WeWork's largest landlord in New York City is Joseph Moinian, an Iranian-born real estate developer who arrived in America when he was 17. He was recently ranked No. 29 on a list of top developers by real estate industry publication Commercial Observer. WeWork has leased nearly 450,000 square feet in a number of Moinian buildings, including about a quarter of one of the developer's buildings near Manhattan's Central Park.
From Washington to Los Angeles
In Washington, D.C., WeWork is the largest tenant in three prominent buildings owned by local developer Douglas Jamel, including a former Wonder Bread factory and another called Chinatown Row, of which WeWork has leased nearly 60% of the space. Jamel's Douglas Development has borrowed about $100 million against the operations of the three buildings.
WeWork occupies nearly a third of the 500,000 square-foot Park Square Building in Boston, about 10% of the 800,000 square-foot Tower Place 100 in Atlanta and nearly 7% of the Brookfield Properties-owned Gas Company Tower in Los Angeles.
Real estate experts say WeWork's problems alone are unlikely to be a major issue for any single developer. Even Moinian Group's 450,000 square feet of WeWork space is small compared to the developer's overall portfolio of 20 million square feet. And WeWork's No. 1 tenant status in New York City still comprises less than 3% of the city's massive office market.
There is also no evidence that WeWork has stopped paying its rent on any of its leases. Some experts said developers would easily be able to re-rent WeWork's space to other companies and professionals. But that doesn't mean there won't be losses.
John Bolton's private equity partners
Politically connected private equity firm Rhone Group and its investors have a 50% stake in a $900 million joint venture with WeWork to buy up buildings in which WeWork would be a tenant. Late last month, Rhone rehired John Bolton, who recently quit as President Trump's national security adviser.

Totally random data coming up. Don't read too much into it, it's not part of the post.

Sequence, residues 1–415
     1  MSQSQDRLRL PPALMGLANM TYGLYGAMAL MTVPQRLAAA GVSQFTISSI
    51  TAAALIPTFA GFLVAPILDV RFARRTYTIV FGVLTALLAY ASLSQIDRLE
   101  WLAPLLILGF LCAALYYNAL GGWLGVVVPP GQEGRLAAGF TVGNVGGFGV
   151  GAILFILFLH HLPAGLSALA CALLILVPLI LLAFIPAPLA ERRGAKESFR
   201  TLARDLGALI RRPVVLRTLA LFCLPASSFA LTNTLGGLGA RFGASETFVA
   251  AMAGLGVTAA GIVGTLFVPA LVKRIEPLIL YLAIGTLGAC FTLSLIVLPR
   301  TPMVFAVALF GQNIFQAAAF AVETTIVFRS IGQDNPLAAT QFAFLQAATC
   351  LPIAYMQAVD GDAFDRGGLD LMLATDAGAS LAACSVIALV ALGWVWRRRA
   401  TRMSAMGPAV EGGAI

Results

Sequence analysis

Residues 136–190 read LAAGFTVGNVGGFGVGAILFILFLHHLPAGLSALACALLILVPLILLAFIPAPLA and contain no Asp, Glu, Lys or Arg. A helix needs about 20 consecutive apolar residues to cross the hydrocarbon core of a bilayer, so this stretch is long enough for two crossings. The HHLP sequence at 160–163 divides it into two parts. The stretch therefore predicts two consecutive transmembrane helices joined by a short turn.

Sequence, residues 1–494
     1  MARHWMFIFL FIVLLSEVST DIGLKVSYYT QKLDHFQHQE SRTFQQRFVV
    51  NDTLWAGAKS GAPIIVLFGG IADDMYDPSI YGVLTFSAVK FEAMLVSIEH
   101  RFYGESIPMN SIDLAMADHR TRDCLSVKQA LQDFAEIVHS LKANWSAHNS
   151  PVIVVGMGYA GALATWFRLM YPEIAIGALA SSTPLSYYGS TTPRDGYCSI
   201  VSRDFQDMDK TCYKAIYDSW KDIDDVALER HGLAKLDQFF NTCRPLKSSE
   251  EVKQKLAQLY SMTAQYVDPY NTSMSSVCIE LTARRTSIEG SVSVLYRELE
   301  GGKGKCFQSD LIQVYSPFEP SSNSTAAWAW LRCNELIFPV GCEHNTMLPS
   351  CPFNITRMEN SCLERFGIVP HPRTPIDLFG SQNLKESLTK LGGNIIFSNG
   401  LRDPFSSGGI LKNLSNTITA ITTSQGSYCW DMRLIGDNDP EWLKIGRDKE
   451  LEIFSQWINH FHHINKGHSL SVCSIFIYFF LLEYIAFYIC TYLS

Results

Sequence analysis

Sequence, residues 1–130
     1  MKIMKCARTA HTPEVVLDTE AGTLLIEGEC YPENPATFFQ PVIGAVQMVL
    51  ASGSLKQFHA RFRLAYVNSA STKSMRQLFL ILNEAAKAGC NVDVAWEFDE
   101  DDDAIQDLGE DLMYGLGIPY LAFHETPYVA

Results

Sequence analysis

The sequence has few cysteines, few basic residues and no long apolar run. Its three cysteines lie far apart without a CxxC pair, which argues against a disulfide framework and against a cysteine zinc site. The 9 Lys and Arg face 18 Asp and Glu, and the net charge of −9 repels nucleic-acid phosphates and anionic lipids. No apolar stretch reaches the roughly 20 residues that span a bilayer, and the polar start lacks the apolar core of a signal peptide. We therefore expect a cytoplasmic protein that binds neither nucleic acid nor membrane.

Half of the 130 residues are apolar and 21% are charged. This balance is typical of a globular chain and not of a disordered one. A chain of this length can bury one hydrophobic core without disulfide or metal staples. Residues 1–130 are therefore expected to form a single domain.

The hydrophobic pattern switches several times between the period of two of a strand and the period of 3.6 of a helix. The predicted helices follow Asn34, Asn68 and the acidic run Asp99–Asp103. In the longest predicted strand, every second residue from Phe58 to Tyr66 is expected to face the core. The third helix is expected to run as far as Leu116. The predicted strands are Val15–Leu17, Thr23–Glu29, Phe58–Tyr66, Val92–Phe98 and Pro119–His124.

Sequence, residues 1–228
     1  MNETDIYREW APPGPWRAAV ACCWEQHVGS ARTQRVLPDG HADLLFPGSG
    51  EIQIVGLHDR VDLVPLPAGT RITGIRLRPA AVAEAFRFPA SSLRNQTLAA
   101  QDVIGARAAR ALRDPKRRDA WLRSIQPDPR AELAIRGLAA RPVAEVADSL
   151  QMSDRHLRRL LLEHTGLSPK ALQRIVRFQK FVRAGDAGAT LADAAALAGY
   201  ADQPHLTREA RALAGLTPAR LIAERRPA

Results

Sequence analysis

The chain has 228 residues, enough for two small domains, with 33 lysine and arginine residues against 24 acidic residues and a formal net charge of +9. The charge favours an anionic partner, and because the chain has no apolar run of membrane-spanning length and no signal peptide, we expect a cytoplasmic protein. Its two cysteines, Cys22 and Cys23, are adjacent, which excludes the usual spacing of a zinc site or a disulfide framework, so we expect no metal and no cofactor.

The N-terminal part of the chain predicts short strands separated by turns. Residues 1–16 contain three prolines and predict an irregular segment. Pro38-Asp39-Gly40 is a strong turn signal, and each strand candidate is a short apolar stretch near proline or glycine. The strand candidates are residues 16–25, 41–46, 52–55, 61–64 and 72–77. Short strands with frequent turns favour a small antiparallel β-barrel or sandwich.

Rhone co-founder Steven Langman, a former Goldman Sachs investment banker, met Neumann nearly a decade ago through the Kabbalah Centre, the spiritual organization that offers classes tied to Judaism. Langman is also a member of WeWork's board, and one of two members of its compensation committee.
At the end of 2017, Rhone owned nearly 2.3 million shares of WeWork's now devalued stock. Rhone is leading an investment group that is seeking to acquire Saks Fifth Avenue owner Hudson's Bay for $1.4 billion. For now, the WeWork joint venture remains among the investors listed as part of the Hudson's Bay deal.
REIT investors, Canadian pensioners, Fidelity
Publicly traded real estate investment trust SL Green, which says it is New York's largest office landlord, has three buildings in which WeWork offers co-working space to its customers. On a conference call with analysts last week, SL Green got questions about its and other developers' exposure to WeWork.
Executive Steven Durels said he expects WeWork and its office-sharing competitors to slow their leasing activity. He said larger tenants would probably sign leases directly with the landlord if WeWork were to go bankrupt, but he wasn't clear on what would happen to WeWork's smaller tenants, which still make up the majority of co-working users.
Shares of SL Green have fallen nearly 9% in the past year, compared to near 13% gain for the S&P 500 in the same time period.
Canadian pensioners might be looking at losses from WeWork's potential demise as well. Caisse, Canada's second-largest pension fund manager, which invests the retirement assets of Quebec government workers among others, has leased to WeWork nearly 300,000 square feet at 85 Broad Street in New York, the former headquarter of Goldman Sachs. Caisse's real estate investment arm has also invested another $1 billion in a WeWork real estate investment fund.
And though WeWork was unable to pull off its IPO, average investors could still end up being among the losers if WeWork were to switch off its lights for good. In recent years, a number of large mutual funds have invested money in startup companies before they go public. Fidelity's popular ContraFund, for instance, said it had $312 million worth of shares of WeWork as of the end of June. That stake would now be worth about $110 million.
That was by far the largest WeWork investment among mutual funds. But funds managed by Vanguard, John Hancock and T. Rowe Price, according to data provider Pitchbook, all have stakes in WeWork that were worth tens of millions of dollars each just a few months ago. Like just about everyone else who had put money in WeWork, the investments are worth considerably less now.